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Chinese president's visit underscores Washington-Beijing tensions

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  • Robert Sterling
    Please send as far and wide as possible. Thanks, Robert Sterling Editor, The Konformist http://www.konformist.com World Socialist Web Site wSWS.org Chinese
    Message 1 of 1 , May 2, 2006
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      Please send as far and wide as possible.

      Robert Sterling
      Editor, The Konformist

      World Socialist Web Site

      Chinese president's visit underscores Washington-Beijing tensions
      By Patrick Martin
      24 April 2006

      The four-day visit to the United States by Chinese President Hu
      Jintao, culminating in Thursday's White House meeting with George W.
      Bush, produced little progress on any of the key issues in dispute
      between the two world powers. Instead, there was evidence of growing
      tension as the Bush White House inflicted a series of diplomatic
      snubs, ranging from the trivial to the flagrant, recorded in detail
      by the US media, and undoubtedly noted by the visitors from Beijing.

      Despite Chinese requests, Hu's session at the White House was not
      accorded the status of a full state visit, with an evening state
      dinner and associated ceremony, a distinct step down from the
      treatment accorded Hu's predecessors Jiang Zemin and Deng Xiaoping
      during previous visits to Washington by a Chinese head of state.

      When the Chinese national anthem was played to welcome Hu, the White
      House announcer described the country as "the Republic of China,"
      the official name for Taiwan, rather than the "Peoples Republic of
      China," the title of the Beijing regime. Given that the status of
      Taiwan is the number-one foreign policy issue for China, this can
      hardly have been an oversight.

      More significant was the decision of White House officials to permit
      a prominent activist of the banned Falun Gong organization to
      participate in the joint press conference of Bush and Hu, which she
      then interrupted by shouting denunciations of the repression of the
      quasi-religious group. Wengyi Wang, a Chinese-born doctor who lives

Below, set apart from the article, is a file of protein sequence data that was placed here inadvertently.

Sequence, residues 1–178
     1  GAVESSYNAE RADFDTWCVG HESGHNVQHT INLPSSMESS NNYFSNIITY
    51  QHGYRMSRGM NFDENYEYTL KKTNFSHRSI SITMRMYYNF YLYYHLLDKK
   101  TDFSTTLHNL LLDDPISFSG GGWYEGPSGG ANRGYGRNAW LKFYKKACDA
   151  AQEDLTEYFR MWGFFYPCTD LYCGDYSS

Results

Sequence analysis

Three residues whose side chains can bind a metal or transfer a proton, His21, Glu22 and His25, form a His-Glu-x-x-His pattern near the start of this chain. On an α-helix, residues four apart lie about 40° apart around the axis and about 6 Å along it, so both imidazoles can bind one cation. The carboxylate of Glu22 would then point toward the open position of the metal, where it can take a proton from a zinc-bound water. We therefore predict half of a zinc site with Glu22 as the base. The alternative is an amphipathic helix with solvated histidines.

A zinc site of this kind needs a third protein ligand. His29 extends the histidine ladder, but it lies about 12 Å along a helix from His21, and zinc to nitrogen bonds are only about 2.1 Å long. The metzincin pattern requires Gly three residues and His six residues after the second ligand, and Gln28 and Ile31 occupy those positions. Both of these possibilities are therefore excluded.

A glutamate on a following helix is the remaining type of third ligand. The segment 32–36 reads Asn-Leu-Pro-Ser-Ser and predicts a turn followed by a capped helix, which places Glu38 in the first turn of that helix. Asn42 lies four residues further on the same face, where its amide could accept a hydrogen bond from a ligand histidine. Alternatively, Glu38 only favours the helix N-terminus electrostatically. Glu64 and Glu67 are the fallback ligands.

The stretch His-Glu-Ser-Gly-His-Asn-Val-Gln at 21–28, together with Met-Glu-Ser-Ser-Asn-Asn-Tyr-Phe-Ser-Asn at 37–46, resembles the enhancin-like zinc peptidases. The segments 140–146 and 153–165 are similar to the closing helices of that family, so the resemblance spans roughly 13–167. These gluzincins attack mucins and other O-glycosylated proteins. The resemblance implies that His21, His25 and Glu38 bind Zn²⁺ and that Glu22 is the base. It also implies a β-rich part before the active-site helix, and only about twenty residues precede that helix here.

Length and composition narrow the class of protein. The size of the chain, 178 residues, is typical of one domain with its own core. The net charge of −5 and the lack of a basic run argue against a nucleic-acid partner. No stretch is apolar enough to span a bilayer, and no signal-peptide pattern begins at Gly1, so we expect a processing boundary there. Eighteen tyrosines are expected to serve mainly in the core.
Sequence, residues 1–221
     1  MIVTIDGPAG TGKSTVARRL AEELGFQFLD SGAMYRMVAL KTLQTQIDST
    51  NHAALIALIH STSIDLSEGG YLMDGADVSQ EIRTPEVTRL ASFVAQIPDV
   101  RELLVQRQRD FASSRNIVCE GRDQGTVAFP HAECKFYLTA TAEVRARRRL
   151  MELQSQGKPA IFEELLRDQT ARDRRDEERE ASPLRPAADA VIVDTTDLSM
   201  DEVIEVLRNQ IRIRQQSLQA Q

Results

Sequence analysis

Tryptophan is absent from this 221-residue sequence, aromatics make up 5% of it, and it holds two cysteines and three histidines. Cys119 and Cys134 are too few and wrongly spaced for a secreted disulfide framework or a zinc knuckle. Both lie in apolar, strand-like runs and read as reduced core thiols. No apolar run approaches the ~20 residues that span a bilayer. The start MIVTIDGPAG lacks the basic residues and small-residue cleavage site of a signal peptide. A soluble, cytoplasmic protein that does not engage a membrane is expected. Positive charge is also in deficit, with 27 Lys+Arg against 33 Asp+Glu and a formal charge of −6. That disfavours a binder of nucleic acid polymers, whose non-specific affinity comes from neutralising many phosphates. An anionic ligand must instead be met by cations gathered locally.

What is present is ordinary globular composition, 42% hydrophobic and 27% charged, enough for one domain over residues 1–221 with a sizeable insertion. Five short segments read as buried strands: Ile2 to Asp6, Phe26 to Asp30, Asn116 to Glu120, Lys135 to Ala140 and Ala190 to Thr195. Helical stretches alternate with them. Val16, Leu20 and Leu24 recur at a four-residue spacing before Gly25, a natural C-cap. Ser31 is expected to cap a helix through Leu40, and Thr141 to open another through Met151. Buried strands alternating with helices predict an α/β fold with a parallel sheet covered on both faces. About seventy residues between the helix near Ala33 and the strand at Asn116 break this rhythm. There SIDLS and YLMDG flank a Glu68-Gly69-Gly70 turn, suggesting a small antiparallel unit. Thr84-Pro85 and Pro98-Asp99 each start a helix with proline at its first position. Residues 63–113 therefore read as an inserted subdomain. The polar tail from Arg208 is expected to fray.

in New York City, was admitted to the press conference on a one-day
      pass issued to the Falun Gong's newspaper, Epoch Times, which
      recently carried a series of articles, written by Wang, alleging
      that Chinese authorities were harvesting the organs of imprisoned
      Falun Gong disciples.

      For several minutes, Wang stood on a camera platform shouting, in
      English and Chinese, "President Hu! Your days are
      numbered," "President Bush! Stop him from killing!" and other anti-
      Beijing slogans. She tried to unfurl a banner. Secret Service agents
      finally removed her, and she was later arraigned before a magistrate
      on charges of attempting to intimidate or threaten a foreign
      official, which carry a sentence of up to six months in jail.

      Given the current security mania in Washington, it is inconceivable
      that the decision to give press credentials to a Falun Gong activist—
      one with a record of heckling the previous Chinese president, Jiang
      Zemin, at an appearance in Malta in 2001—was made unwittingly. The
      White House routinely denies access to such events, not merely to
      those suspected of an intention of disruption, but to journalists
      from socialist and antiwar publications, who might ask embarrassing

      Only three months ago, Capitol Hill police arrested Iraq war
      activist Cindy Sheehan for wearing an antiwar t-shirt at Bush's
      State of the Union Speech, which she attended as the guest of a
      Democratic congresswoman. While Secret Service agents took three
      minutes to get to the Falun Gong representative (a Washington Post